Many feared uncertainty over the debt ceiling dysfunction would drive mortgage rates higher. What actually happened was mortgages got cheaper by almost .25% as jittery investors sought safe haven in bond markets until the debt ceiling issue was resolved.
Also helping rates: An armload of less than stellar economic data, including especially a weak GDP, showing economic growth is stuck somewhere between non-existent and anemic.
There seems to be a debt deal, and it will take a day or so for the markets to digest the finer points, but at first glance it seems to be a quintessential Washington deal that does not fundamentally ‘fix” anything but provides political cover and avoids making any tough decisions until after the 2012 election.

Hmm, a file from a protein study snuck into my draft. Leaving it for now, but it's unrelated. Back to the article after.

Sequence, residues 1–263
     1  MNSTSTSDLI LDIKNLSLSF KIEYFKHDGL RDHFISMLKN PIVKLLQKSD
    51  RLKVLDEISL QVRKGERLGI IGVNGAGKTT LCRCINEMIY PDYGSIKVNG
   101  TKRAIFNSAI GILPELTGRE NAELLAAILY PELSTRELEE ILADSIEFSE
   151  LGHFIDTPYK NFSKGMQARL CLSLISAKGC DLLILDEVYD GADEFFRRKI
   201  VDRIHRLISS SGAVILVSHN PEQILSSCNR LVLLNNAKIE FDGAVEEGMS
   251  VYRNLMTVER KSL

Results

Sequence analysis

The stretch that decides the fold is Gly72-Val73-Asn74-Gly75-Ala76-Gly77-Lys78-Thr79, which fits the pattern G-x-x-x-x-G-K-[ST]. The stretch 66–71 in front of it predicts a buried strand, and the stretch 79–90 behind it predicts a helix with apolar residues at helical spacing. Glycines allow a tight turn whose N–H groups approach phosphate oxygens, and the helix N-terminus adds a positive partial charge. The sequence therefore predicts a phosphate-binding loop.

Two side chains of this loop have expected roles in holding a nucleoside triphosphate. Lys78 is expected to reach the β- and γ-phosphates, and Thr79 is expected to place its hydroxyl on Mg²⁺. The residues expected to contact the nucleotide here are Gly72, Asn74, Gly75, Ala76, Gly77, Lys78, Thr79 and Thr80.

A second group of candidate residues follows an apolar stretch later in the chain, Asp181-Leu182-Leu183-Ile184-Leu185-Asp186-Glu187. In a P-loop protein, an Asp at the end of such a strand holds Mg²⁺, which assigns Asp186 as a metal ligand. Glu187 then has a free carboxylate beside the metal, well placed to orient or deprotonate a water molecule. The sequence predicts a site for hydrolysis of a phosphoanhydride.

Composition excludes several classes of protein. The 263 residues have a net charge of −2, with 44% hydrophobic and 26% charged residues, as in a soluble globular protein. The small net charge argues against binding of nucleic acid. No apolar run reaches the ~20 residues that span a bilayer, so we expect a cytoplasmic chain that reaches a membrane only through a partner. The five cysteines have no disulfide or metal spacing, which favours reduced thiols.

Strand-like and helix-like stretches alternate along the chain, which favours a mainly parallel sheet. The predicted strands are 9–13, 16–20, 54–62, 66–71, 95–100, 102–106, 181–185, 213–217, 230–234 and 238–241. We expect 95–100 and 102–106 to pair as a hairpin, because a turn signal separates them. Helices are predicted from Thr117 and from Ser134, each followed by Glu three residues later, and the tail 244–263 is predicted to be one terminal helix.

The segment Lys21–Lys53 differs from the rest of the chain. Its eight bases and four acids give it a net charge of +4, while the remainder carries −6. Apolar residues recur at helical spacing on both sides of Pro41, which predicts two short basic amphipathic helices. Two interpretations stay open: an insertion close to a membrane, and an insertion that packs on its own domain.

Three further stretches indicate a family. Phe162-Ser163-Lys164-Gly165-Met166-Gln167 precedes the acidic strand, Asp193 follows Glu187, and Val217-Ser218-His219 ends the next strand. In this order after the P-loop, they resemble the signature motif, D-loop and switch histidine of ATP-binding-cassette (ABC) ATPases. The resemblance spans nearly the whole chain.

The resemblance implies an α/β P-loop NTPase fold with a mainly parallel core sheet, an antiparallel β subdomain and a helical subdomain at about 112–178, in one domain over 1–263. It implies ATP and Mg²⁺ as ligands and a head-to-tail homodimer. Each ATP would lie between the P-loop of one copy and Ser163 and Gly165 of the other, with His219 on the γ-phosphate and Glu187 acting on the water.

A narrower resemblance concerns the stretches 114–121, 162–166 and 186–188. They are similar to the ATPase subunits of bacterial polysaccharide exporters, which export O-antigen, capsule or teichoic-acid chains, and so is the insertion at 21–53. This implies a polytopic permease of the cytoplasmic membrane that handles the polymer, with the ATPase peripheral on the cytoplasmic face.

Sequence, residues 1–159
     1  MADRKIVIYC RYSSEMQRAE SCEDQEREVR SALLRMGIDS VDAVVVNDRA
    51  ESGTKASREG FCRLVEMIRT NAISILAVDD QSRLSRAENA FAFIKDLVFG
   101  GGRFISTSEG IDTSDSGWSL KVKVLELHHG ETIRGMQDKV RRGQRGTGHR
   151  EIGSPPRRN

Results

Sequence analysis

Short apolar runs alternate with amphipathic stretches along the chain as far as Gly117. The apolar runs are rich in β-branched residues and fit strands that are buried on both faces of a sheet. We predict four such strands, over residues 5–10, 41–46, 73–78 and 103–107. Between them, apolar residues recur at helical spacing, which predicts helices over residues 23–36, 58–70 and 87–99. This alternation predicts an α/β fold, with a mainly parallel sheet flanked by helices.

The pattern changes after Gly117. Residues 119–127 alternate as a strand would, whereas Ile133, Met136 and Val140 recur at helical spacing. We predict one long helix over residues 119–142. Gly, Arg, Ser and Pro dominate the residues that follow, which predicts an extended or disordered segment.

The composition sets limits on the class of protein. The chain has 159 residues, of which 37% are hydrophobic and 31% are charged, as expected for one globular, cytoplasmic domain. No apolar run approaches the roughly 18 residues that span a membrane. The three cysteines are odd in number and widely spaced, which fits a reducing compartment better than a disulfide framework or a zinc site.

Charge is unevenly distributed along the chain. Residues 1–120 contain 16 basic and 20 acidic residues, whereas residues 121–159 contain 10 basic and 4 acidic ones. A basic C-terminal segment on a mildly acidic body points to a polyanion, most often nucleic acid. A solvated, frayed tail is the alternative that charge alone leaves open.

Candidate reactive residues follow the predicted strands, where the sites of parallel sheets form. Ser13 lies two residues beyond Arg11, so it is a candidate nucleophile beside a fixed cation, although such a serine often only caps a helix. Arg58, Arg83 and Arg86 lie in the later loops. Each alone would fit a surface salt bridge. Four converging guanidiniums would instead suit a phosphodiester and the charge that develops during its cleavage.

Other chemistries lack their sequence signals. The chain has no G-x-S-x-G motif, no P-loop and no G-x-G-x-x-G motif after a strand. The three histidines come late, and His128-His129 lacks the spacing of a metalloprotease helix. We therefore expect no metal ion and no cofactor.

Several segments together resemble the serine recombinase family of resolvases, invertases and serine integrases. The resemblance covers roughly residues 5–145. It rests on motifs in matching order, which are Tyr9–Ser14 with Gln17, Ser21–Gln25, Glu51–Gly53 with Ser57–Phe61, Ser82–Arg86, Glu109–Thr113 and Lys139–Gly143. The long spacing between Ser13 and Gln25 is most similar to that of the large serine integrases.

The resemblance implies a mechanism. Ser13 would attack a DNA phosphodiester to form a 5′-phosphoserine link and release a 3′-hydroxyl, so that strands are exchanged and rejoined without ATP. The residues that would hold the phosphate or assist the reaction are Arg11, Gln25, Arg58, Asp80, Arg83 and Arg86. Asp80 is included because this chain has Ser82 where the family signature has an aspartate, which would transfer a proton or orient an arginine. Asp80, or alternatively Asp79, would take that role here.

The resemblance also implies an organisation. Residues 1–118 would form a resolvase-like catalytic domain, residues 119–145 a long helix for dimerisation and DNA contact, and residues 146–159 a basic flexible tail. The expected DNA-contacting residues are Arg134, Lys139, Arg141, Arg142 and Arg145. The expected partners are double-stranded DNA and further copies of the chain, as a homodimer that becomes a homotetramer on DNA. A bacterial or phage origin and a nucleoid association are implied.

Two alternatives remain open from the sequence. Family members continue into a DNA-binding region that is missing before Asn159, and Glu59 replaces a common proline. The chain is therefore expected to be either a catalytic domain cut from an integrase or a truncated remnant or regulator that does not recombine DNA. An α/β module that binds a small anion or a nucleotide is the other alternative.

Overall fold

Focus should shift back towards this week’s economic data – if data points toward economic strength, mortgage rates generally rise. If further weakness is exposed, we could find ourselves testing 2011 interest rate lows.
Update: 9:00AM CDT ISM Index released. A measure of the services, construction, and financial sectors, experts expected improvement here, but it showed effectively zero expansion, is lower than June and will be taken as a setback. Bond markets, and presumably mortgage rates, are already trying to improve on this news.
This Week’s Economic Calendar [Econoday]